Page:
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As globalization sweeps companies and workplaces become more diverse, differences in how employees view proper behavior at work can create seemingly irresolvable conflicts. However, companies can create written standards for ethics that outline problems and give managers the tools to address them.
Ethics--“the science of conduct,” according to some philosophers--is differentiating between right and wrong and then doing the right thing. Ethical problems in the workplace can include questions of pay raises and promotions, employee discrimination, disciplinary action, harassment, conflicts of interest and other issues.
Questions of ethics can be as clear-cut as whether or not to fire an employee for stealing, but they are often more complex and require deeper consideration by supervisors. According to a National Business Ethics Survey in 2000, 90 percent of companies offer written materials that outline proper ethical conduct.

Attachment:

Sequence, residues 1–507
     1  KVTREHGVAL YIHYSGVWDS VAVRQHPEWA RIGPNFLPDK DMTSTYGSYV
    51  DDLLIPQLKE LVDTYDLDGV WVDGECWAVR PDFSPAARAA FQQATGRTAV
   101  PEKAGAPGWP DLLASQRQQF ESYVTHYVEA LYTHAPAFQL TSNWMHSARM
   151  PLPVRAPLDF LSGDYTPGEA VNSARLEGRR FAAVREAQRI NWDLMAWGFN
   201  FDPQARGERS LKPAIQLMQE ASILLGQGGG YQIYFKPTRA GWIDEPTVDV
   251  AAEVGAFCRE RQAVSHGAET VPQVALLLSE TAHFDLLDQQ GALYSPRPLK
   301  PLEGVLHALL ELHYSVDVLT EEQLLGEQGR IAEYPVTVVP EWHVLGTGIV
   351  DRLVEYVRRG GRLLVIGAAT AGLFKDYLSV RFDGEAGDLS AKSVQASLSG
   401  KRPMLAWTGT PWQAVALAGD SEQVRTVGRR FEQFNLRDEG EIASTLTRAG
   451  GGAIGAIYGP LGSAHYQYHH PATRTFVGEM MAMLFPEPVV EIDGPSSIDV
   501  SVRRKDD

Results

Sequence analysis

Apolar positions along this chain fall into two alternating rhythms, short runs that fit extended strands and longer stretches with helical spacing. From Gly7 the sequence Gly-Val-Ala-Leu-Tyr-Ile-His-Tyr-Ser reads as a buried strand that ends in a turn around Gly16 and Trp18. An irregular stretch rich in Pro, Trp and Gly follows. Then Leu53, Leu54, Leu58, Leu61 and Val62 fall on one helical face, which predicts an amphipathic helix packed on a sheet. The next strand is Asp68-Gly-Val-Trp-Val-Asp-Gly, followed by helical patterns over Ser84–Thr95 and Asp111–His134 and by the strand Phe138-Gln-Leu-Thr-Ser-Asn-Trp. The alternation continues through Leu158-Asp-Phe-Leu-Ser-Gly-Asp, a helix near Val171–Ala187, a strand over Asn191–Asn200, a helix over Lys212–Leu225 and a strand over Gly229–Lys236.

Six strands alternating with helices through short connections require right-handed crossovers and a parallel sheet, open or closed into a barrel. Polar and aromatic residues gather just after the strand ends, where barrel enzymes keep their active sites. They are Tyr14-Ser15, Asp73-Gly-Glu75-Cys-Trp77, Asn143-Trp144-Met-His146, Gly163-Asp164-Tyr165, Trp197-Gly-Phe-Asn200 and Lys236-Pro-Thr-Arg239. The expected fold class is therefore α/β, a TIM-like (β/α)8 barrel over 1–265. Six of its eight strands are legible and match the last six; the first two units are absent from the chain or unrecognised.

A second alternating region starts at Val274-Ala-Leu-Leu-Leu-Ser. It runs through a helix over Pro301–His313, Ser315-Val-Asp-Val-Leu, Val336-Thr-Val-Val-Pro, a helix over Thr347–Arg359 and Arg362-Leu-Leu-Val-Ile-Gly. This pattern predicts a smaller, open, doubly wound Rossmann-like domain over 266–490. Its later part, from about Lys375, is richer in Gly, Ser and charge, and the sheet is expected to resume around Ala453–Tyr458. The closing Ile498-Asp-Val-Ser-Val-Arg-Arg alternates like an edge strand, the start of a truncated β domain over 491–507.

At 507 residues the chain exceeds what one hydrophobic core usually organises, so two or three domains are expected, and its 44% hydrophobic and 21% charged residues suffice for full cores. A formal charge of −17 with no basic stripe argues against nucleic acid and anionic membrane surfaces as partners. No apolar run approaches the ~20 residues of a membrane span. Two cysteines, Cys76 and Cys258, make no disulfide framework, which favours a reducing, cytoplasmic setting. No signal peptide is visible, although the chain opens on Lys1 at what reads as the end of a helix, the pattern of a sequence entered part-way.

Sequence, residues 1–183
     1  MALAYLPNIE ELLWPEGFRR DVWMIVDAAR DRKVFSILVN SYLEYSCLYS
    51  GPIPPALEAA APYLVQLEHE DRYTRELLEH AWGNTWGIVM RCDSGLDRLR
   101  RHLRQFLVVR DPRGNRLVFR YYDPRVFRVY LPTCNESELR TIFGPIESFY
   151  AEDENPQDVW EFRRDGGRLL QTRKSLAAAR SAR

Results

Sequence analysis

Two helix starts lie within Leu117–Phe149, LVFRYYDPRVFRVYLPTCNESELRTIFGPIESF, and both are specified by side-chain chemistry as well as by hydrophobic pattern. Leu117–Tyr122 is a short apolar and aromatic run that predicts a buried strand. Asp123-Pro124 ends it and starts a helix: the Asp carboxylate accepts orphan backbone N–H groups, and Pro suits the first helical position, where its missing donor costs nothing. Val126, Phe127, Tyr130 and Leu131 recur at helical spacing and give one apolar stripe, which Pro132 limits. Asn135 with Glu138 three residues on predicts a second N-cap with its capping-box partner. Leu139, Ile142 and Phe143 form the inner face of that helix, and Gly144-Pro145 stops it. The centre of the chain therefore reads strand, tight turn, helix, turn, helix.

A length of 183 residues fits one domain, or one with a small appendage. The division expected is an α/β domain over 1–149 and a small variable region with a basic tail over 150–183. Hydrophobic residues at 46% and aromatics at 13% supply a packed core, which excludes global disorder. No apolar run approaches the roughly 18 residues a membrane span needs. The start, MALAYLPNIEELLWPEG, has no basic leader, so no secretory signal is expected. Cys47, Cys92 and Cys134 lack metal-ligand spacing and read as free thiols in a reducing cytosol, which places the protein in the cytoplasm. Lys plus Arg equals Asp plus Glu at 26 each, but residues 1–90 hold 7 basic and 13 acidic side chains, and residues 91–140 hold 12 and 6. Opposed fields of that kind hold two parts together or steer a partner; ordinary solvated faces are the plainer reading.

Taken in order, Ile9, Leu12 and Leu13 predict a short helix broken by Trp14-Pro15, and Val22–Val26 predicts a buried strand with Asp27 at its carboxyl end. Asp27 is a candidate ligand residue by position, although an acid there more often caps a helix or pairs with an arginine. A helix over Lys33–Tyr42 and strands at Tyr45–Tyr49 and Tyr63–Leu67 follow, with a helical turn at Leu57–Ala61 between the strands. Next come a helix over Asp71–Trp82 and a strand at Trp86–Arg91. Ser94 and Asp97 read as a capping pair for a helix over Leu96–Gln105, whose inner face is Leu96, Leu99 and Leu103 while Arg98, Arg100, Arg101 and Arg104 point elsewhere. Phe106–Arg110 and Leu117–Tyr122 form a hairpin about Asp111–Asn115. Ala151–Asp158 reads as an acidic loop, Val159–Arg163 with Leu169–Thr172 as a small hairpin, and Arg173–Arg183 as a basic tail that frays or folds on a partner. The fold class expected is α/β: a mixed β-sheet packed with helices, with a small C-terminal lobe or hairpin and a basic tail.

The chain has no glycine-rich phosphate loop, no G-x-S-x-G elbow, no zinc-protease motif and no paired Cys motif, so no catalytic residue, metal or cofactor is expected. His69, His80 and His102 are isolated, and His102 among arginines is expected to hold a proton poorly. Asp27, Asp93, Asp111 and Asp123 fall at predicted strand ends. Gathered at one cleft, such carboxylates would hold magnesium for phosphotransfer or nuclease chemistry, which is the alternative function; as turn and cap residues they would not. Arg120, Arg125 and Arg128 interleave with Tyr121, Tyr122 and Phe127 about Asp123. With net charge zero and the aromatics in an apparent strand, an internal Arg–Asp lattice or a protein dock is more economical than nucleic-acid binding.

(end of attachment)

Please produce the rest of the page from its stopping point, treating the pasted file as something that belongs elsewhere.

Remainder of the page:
Although business experts have devised different ways to deal with the problems that managers face, Joshua Joseph of the Ethics Resource Center offers seven areas of opportunity for managers to retain optimal ethical standards: high-quality recruits, a productive work environment, company reputation, workers’ trust, a discussion-encouraging environment, ethical guidance for employees and a company mission.
Kelly Neal began writing arts and culture articles for various websites in 2010. She earned her dual Bachelor of Arts in English and music from The Ohio State University.